The morning of the City2Surf
I wandered down to the Bay Run only to find a depleted group of sportsters moseying around. There wasn’t much lycra that morning, only lots of stretched T-shirts and drooped shoulders. The sportsters look deflated, deprived of their more competitive comrades who had left them behind for a bigger, brighter event that promised more accolades, adrenaline and kilometres.
One of the wonderful features of the Bay Run is that everyone can tread the path and enter at any point without being screened or scrutinised about their time, number, grade or religion. You can enter at any point and leave at any time. You can also rejoin without any questions being asked. It is a true equaliser!
That morning was reminiscent of my son’s search for a school. The students that reach the required score in the NSW Department of Education selective test are pulled out from the group and sent to a special school for brighter students or enlisted to a special class in a mainstream school. They understand that they are superior and are showered with special excursions and extra curricula activities. The students who don’t make the grade understand that they are somehow inferior as no special treatment is afforded to them. The graded start groups in the City2Surf reflect this type of elitism.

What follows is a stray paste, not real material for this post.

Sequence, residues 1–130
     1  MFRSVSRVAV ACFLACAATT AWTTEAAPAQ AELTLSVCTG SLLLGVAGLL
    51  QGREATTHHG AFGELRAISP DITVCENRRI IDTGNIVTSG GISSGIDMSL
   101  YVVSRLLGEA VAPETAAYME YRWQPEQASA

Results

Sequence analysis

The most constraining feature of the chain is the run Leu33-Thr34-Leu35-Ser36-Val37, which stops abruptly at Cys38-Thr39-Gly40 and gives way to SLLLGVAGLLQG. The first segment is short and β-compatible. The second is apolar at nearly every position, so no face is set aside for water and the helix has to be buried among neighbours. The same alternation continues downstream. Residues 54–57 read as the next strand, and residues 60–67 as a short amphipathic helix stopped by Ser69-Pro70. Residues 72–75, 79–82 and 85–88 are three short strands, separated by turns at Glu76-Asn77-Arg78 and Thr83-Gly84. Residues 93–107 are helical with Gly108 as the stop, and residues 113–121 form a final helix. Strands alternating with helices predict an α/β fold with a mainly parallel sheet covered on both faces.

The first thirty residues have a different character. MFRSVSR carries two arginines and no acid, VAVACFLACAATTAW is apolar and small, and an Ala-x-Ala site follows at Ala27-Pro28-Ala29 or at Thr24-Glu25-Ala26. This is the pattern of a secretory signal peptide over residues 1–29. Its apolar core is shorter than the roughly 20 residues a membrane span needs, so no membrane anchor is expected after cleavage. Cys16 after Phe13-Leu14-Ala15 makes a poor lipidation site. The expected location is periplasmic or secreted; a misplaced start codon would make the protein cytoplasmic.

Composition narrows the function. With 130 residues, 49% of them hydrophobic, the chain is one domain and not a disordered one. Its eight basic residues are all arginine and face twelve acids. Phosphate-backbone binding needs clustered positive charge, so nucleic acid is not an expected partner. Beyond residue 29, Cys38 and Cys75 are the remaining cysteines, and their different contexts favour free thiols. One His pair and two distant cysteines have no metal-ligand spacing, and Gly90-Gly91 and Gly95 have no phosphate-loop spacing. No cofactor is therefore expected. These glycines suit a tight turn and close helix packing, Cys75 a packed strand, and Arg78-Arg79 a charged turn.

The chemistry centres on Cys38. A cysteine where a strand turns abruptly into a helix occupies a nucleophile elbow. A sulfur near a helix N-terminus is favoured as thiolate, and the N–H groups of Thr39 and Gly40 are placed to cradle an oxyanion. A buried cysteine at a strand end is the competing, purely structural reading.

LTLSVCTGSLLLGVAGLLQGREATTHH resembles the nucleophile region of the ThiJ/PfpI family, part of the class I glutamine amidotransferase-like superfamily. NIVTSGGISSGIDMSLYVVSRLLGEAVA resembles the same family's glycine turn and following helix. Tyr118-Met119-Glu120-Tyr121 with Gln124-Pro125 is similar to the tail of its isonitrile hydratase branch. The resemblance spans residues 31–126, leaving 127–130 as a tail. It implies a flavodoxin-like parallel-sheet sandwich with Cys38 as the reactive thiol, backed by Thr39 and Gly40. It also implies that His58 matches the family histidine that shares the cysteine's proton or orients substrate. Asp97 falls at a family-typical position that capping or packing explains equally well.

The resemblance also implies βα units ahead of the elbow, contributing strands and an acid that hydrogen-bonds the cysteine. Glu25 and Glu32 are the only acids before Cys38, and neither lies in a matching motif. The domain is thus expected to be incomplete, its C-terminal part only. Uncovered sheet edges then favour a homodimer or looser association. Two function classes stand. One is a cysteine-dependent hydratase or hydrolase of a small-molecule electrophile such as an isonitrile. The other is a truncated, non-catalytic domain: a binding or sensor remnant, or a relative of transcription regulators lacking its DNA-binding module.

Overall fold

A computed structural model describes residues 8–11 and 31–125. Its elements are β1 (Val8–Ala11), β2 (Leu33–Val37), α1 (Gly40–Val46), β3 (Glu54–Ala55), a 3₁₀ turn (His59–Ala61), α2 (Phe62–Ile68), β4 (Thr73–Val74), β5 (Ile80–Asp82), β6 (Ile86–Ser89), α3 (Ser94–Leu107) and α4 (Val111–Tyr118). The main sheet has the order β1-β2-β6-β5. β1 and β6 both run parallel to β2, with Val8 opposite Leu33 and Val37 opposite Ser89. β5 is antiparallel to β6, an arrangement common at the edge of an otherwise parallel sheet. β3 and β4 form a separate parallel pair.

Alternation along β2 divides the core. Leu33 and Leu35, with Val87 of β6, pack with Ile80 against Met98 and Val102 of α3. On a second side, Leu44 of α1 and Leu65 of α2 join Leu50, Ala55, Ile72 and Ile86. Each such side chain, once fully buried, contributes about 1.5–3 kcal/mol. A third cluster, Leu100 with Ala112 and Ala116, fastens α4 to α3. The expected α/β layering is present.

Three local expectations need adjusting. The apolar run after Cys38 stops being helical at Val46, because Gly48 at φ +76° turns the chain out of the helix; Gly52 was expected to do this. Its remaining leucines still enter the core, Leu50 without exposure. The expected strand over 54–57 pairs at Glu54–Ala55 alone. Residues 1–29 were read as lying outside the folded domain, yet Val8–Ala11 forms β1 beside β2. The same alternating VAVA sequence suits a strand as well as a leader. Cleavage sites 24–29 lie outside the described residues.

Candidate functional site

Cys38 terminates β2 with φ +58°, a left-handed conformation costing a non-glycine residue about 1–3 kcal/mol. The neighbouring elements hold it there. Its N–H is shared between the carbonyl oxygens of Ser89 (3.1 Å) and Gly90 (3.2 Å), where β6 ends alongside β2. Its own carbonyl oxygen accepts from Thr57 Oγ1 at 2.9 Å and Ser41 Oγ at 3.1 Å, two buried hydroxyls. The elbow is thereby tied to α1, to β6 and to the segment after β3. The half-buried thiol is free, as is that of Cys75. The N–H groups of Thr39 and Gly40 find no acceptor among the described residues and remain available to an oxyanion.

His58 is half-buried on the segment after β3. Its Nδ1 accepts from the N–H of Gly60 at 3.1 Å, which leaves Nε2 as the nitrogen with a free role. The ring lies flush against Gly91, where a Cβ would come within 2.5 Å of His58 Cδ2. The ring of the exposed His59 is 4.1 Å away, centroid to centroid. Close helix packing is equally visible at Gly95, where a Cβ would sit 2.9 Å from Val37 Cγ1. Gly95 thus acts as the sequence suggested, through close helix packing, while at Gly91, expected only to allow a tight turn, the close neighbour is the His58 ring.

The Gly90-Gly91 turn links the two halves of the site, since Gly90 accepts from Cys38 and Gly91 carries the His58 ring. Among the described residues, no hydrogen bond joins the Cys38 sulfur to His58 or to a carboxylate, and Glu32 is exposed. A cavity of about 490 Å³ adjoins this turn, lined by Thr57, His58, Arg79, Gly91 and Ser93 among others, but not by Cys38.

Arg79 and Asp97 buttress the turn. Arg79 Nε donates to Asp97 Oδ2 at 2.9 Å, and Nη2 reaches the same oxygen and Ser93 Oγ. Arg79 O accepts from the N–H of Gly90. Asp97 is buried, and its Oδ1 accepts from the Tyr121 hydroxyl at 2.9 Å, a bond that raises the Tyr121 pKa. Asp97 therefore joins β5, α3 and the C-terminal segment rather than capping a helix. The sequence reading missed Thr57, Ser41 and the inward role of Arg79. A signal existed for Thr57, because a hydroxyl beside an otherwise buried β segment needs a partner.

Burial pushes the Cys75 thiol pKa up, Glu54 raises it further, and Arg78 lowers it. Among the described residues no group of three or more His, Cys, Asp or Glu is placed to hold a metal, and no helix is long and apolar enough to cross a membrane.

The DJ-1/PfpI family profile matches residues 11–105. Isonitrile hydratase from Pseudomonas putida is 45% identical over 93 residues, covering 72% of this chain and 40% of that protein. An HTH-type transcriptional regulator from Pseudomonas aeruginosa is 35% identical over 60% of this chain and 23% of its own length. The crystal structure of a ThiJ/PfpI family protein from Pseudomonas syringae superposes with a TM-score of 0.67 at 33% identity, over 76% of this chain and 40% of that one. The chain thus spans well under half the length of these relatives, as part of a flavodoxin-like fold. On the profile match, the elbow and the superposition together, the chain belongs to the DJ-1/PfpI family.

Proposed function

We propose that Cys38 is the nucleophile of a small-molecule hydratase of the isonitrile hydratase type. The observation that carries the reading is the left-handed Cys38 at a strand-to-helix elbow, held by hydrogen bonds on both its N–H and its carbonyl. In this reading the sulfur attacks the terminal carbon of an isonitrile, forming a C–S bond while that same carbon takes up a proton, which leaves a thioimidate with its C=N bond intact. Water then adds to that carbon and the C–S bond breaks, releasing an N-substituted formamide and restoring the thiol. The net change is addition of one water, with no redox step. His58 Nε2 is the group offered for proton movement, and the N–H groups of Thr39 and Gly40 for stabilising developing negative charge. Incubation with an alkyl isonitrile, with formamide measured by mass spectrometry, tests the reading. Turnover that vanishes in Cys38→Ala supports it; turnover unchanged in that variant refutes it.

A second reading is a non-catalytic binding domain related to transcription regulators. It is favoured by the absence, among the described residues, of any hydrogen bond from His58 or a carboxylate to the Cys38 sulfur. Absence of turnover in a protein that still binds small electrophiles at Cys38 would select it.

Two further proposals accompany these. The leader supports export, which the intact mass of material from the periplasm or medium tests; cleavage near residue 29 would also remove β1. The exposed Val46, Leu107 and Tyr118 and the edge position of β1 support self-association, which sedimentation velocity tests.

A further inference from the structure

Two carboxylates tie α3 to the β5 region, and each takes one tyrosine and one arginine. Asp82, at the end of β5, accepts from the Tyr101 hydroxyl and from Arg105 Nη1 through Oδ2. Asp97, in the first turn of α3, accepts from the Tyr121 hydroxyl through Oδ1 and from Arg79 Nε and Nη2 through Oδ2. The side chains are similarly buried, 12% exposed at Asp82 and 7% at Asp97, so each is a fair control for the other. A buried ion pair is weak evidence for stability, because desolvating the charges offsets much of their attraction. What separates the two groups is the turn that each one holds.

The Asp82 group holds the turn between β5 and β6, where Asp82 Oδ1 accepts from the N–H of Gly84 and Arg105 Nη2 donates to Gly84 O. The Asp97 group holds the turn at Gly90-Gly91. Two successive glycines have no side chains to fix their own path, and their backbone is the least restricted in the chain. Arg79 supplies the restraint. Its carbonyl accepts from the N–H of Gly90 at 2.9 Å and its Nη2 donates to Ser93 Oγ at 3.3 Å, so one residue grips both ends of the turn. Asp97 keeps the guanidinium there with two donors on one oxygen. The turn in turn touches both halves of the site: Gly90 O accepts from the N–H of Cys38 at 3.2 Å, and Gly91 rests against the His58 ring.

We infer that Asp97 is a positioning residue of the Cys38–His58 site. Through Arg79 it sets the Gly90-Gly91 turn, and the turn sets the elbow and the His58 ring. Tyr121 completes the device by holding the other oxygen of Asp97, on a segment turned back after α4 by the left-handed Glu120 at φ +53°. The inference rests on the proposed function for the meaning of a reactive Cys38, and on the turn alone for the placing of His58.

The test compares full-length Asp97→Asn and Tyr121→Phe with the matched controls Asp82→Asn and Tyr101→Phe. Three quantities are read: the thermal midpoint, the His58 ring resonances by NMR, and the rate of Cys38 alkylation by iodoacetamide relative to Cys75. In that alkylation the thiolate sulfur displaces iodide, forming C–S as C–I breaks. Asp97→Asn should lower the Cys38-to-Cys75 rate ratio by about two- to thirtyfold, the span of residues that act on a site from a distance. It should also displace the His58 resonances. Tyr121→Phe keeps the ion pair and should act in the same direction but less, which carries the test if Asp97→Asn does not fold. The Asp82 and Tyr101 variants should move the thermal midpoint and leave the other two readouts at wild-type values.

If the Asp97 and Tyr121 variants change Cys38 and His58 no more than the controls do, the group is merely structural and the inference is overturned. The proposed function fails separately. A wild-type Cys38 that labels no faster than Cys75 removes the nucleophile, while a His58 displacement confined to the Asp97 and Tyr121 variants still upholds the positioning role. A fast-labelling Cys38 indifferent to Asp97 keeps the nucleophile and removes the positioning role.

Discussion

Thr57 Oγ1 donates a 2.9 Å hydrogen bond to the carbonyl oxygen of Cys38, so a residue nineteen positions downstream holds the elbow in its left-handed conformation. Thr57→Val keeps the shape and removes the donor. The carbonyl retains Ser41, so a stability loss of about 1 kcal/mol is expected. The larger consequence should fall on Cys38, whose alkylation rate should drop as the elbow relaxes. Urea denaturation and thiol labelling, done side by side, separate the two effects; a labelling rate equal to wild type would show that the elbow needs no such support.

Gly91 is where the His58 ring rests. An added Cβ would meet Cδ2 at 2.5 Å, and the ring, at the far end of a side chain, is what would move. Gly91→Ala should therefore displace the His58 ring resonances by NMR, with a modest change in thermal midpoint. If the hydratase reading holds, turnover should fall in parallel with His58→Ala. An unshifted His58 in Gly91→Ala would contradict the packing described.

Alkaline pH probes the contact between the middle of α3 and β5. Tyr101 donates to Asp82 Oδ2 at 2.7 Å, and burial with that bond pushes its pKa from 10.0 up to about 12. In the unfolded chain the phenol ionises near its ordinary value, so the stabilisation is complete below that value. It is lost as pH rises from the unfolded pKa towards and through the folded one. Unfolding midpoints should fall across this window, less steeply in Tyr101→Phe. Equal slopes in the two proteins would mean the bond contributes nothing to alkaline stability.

Obviously the NSW Department of Education have not heard of Jane Elliot’s “Blue eyes–brown eyes” exercise which proves that if you are deemed superior you become arrogant and bossy and if you are labelled as inferior you become timid and your performance suffers. Those lonely sportsters reminded me of children who don’t make the grade. Some are lucky enough to opt out of public education but unfortunately not enough!
Got Bay anecdotes? Message firstname.lastname@example.org.